Nova Scotia

Police dogs on the front lines of fight against fentanyl

Narcotic detection dogs and their handlers are especially at risk because it's their job to find hidden illegal drugs.

‘I have to be that much more careful for myself and the dog,’ says RCMP officer

RCMP Const. Mark Flanagan and his dog Jake are on the lookout for hidden illegal drugs. (Robert Short/CBC)

There's a new deadly threat facing the country's police dogs — the drugs fentanyl and carfentanil.

Both fentanyl and carfentanil are powerful opioid drugs. Fentanyl is used in tiny doses to treat pain, while carfentanil was developed as a large animal sedative. A dose the size of a grain of sand can kill a man and man's best friend. 

Narcotic detection dogs like Jake, as well as his handler, RCMP Const. Mark Flanagan, are especially at risk because it's their job to find hidden illegal drugs.

"If the dog is going to inhale it, there's a good chance the handler will as well, so we're both probably going to be dead," said Flanagan.

Jake is a Labrador retriever and uses his powerful sense of smell to hunt down illegal drugs. (Robert Short/CBC)

That means Flanagan has to be extra careful and make sure Jake doesn't touch packages he's sniffing with any part of his nose.

"It definitely worries me as a handler, but I have to be that much more careful for myself and the dog," Flanagan said.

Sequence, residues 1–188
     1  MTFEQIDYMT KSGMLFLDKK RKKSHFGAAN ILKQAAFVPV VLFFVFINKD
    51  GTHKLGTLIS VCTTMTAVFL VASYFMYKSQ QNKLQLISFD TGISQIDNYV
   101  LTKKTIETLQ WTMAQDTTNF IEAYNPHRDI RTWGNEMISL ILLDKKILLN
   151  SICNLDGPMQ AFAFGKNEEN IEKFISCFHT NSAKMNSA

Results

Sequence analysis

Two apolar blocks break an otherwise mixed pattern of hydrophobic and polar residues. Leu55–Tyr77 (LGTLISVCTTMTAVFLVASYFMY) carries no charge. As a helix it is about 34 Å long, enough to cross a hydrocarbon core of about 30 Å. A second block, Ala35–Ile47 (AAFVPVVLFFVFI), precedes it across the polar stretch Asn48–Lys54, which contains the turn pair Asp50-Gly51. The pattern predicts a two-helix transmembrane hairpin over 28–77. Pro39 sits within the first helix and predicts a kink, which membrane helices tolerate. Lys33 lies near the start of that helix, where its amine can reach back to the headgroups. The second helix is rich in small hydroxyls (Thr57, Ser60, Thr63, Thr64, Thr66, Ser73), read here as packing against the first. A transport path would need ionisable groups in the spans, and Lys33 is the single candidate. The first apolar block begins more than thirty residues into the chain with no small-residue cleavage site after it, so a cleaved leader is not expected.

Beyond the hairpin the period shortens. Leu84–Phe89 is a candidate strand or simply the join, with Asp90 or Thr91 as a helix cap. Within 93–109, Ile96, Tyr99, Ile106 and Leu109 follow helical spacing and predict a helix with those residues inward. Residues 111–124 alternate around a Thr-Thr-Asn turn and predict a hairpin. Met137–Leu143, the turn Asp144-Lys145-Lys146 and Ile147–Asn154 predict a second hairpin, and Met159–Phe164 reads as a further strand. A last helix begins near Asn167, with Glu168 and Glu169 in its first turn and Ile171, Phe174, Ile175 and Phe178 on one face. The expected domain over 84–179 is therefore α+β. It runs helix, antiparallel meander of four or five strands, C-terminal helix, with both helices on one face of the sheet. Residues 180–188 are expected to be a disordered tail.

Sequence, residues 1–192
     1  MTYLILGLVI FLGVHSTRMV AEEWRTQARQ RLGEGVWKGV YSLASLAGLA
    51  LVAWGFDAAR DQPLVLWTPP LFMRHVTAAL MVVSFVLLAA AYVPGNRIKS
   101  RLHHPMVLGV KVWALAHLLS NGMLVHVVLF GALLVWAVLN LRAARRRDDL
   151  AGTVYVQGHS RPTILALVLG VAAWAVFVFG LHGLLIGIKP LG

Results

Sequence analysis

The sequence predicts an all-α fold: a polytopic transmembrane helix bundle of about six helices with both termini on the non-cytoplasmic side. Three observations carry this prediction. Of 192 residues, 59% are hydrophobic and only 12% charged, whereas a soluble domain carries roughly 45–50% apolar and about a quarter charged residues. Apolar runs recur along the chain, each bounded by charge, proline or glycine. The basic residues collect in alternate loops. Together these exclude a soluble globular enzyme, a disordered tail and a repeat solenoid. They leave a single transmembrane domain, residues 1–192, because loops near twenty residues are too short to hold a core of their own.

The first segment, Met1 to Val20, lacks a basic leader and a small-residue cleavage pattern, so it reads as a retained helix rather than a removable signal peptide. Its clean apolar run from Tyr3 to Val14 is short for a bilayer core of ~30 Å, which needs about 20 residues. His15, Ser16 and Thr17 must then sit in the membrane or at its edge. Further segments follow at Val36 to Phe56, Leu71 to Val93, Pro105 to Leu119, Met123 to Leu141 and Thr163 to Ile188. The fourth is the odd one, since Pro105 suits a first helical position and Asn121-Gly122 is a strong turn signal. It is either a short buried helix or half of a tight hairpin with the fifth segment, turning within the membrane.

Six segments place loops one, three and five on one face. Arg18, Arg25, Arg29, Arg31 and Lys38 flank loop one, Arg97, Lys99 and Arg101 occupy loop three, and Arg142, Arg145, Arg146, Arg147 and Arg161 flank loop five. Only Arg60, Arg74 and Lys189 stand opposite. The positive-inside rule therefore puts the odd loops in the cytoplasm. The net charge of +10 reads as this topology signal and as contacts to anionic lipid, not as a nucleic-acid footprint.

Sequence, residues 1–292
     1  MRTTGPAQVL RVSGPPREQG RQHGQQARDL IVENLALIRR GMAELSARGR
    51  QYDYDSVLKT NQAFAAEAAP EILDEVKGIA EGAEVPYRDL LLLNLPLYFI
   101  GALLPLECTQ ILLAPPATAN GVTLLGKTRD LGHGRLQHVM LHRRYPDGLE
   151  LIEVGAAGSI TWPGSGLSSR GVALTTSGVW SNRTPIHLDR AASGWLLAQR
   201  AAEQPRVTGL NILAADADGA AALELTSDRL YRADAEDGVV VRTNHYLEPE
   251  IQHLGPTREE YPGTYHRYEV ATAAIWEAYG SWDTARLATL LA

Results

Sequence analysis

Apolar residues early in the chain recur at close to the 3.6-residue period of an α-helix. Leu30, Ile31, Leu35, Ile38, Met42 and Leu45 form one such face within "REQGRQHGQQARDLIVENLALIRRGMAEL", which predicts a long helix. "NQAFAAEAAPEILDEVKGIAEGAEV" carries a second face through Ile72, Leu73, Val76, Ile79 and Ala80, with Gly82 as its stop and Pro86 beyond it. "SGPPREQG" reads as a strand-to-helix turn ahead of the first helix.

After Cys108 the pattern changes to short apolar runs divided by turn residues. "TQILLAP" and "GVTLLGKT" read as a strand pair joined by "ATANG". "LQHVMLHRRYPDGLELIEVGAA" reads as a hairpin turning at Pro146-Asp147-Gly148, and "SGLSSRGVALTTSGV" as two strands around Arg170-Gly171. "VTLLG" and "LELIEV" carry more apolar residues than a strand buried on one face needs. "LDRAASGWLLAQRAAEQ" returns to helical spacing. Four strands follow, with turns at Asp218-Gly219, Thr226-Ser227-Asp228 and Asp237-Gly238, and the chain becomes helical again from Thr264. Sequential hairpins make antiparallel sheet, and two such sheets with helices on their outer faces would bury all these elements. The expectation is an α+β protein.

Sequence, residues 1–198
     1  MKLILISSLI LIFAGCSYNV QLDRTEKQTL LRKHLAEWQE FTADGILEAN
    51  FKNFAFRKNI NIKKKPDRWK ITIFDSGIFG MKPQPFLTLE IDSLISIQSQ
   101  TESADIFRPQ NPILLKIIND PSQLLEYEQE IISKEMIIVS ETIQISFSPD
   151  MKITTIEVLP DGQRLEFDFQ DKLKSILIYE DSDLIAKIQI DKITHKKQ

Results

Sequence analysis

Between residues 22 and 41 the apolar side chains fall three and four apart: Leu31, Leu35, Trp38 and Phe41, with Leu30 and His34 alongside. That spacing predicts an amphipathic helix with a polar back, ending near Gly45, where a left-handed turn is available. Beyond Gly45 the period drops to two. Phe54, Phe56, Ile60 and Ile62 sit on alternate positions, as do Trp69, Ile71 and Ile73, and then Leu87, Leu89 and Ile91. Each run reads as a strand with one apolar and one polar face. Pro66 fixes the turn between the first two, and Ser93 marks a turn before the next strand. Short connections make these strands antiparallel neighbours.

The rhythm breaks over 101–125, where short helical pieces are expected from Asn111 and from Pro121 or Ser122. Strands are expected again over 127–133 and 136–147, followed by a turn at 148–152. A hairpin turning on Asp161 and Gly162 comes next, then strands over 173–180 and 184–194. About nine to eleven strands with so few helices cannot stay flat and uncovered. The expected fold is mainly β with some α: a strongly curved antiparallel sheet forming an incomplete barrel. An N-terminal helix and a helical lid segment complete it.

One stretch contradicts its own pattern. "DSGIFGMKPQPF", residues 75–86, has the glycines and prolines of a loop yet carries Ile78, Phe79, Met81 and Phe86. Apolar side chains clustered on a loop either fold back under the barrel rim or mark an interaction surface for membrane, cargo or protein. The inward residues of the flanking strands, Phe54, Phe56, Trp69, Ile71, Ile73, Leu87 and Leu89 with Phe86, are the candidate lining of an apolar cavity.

Dogs are one of the only ways the RCMP and other police forces can find drugs hidden in buildings and vehicles.

In Jake's nine-year career, he alone has managed to sniff out between $3 million and $4 million worth of drugs. 

Flanagan said without Jake, those drugs would have made it to the street. 

Police dogs are trained to find illegal drugs including cocaine and crack cocaine. These are RCMP drug mock-ups used for demonstrations and do not contain any actual drugs. (Robert Short/CBC)

The man and dog team serve the entire province and are sometimes called into action four to five times a week. 

"We see them as a huge contributor to our investigations and great to have on our team," said Cpl. Dal Hutchinson, a spokesperson for the Nova Scotia RCMP. 

After nine years of service, Jake's career is starting to wind down, just as marijuana is on the cusp of becoming legal. 

Flanagan believes that will probably be a good thing, since Jake is trained to detect pot and might get confused once it's legalized.  

Jake is set to retire to a life of tug-of-war and fetch in the next couple of years. (Robert Short/CBC)

"I think what you're going to find is that the new dogs coming into the program will not be trained for any marijuana, so they won't know the difference. They'll be trained for the regular drugs that they're trained for — basically mushrooms, cocaine, crack cocaine, crystal meth, ecstasy, heroin and fentanyl."

Jake will probably retire in a year or two and will continue living with Flanagan throughout his golden years — he just won't accompany Flanagan to work anymore.